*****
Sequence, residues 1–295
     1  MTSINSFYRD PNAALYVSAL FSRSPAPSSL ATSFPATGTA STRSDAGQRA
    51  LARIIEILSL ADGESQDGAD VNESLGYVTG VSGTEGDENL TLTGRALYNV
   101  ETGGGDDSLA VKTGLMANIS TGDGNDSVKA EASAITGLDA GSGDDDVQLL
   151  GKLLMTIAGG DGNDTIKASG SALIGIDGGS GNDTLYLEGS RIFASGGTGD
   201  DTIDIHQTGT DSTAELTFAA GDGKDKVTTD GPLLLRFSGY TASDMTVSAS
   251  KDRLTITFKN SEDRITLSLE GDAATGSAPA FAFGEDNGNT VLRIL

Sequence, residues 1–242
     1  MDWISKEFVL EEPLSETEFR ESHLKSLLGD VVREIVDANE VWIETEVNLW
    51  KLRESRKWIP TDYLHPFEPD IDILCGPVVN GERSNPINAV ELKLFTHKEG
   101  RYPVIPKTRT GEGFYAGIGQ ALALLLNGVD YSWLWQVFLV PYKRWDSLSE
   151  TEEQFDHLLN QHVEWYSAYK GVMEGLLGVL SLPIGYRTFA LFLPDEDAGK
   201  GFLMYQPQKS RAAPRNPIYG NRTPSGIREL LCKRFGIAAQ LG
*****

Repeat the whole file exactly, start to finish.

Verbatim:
Sequence, residues 1–295
     1  MTSINSFYRD PNAALYVSAL FSRSPAPSSL ATSFPATGTA STRSDAGQRA
    51  LARIIEILSL ADGESQDGAD VNESLGYVTG VSGTEGDENL TLTGRALYNV
   101  ETGGGDDSLA VKTGLMANIS TGDGNDSVKA EASAITGLDA GSGDDDVQLL
   151  GKLLMTIAGG DGNDTIKASG SALIGIDGGS GNDTLYLEGS RIFASGGTGD
   201  DTIDIHQTGT DSTAELTFAA GDGKDKVTTD GPLLLRFSGY TASDMTVSAS
   251  KDRLTITFKN SEDRITLSLE GDAATGSAPA FAFGEDNGNT VLRIL

Sequence, residues 1–242
     1  MDWISKEFVL EEPLSETEFR ESHLKSLLGD VVREIVDANE VWIETEVNLW
    51  KLRESRKWIP TDYLHPFEPD IDILCGPVVN GERSNPINAV ELKLFTHKEG
   101  RYPVIPKTRT GEGFYAGIGQ ALALLLNGVD YSWLWQVFLV PYKRWDSLSE
   151  TEEQFDHLLN QHVEWYSAYK GVMEGLLGVL SLPIGYRTFA LFLPDEDAGK
   201  GFLMYQPQKS RAAPRNPIYG NRTPSGIREL LCKRFGIAAQ LG